An efficient marketplace – For your specific product or service, there are usable mechanisms in place in which to promote, market, sell, deliver and track sales in a cost effective manner.

Revenue Over Cost – There is a high potential that once up and running, the business can generate revenue and manage its costs in a way that creates adequate margin and total profit. Selling product isn’t enough; you have to make money at the end of the day.

Even the most successful entrepreneurs will tell you that they are not immune from business failures. The reality is that all businesses need to plan for the short- and long-term; and managing your way beyond the first five-years in business takes a good amount of skill, tons of hard work, and a bit of luck.

Developing a good initial business plan and your ability to adjust to challenges and adversity will prove essential. As previously mentioned, being a small business owner is not for everyone.

However, survivability rates for new businesses are better than some would imagine. According to the US Small Business Administration (SBA), “About half of all new establishments survive five years or more and about one-third survive 10 years or more. As one would expect, the probability of survival increases with a firm’s age. Survival rates have changed little over time.”

The charts below are from the SBA’s FAQs:

While the old-fashioned “mom and pop” business might be a vestige of the past, it may not be as bad as it seems. As it turns out, mom and pop were self-employed entrepreneurs all along.

Not only do family businesses still thrive as stand-alone entities today, but many franchises are also owned by family partnerships.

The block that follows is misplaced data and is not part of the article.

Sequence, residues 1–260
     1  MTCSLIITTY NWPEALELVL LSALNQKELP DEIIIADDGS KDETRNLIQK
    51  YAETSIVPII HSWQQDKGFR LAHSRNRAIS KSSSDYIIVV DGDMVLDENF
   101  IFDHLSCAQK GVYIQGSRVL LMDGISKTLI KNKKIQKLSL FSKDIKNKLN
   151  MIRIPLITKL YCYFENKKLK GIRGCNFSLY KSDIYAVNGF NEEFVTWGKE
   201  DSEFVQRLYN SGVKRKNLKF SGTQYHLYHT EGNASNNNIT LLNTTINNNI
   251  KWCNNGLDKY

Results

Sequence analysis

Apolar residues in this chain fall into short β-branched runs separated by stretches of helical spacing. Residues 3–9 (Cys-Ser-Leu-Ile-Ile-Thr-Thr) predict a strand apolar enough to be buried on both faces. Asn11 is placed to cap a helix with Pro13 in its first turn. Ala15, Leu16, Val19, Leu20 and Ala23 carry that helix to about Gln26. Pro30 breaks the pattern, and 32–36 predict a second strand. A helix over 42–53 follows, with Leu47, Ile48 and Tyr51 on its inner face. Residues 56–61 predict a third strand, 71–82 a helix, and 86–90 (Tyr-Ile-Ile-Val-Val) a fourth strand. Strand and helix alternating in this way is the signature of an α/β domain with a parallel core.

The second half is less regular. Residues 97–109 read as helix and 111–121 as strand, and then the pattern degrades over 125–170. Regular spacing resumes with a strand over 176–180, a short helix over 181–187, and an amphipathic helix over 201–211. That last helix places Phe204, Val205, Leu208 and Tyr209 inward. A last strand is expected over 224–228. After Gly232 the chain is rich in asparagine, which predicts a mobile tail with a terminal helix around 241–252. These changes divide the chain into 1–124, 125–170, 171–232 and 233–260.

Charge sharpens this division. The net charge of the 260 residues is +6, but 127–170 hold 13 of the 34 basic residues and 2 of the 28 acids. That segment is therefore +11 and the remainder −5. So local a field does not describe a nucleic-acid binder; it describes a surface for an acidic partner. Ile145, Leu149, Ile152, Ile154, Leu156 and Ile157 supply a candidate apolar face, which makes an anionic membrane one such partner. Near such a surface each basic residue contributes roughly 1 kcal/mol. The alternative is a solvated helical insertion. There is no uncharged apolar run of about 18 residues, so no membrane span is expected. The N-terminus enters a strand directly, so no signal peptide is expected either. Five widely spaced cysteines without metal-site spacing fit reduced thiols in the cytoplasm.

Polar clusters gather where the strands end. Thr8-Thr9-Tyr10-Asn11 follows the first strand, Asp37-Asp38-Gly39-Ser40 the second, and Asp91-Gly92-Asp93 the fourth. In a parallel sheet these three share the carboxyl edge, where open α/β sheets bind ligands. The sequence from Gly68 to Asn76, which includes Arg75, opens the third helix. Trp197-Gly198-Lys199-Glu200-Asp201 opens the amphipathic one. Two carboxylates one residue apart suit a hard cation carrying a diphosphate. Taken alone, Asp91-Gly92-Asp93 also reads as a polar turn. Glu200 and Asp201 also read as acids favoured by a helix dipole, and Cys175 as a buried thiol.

Franchises are also a viable option for micro business owners, investment consortium and other partnership structures as well as family businesses. The SBA estimates that there are more than 600,000 franchises operating in the US, many owned by small business people.

The US Federal Trade Commission (FTC) has an excellent webpage and documentation that anyone considering a franchise opportunity should check out. Information covered includes the franchise business model, selecting a franchise, franchise documentation and things you should know before you sign a franchise agreement.

While it can be tedious and hard to quantify, research and information will certainly become part of the backbone of your business if it is to last beyond five years. From daily news and other journalism, academic research, government data, to what you learn from colleagues and even your competition, it all contributes to your ability to succeed as a small business owner.

Check out these useful web resources to help you acquire greater knowledge and the confidence to start, build and grow your own small business:

The Small Business Administration’s Starting & Managing a Business Website offers data, information, news and research for those starting and operating a small business.

The SBA’s Loans and Grants page provides information and links to public financing opportunities for small businesses.

The US Office of the Controller of the Currency (OCC) provides access to more than a dozen resources for small business owners:

The website has resources to assist those with disabilities start their own business; and the information is good for anyone interested in starting a business.

The US Federal Trade Commission (FTC) Franchise Website: A Consumer’s Guide to Buying a Franchise.

The US Census Bureau Newsroom offers archived and current economic and business news from a research and data-driven perspective.

The Internal Revenue Service Small Business and Self-Employed Tax Center provides valuable information for both new and established business owners.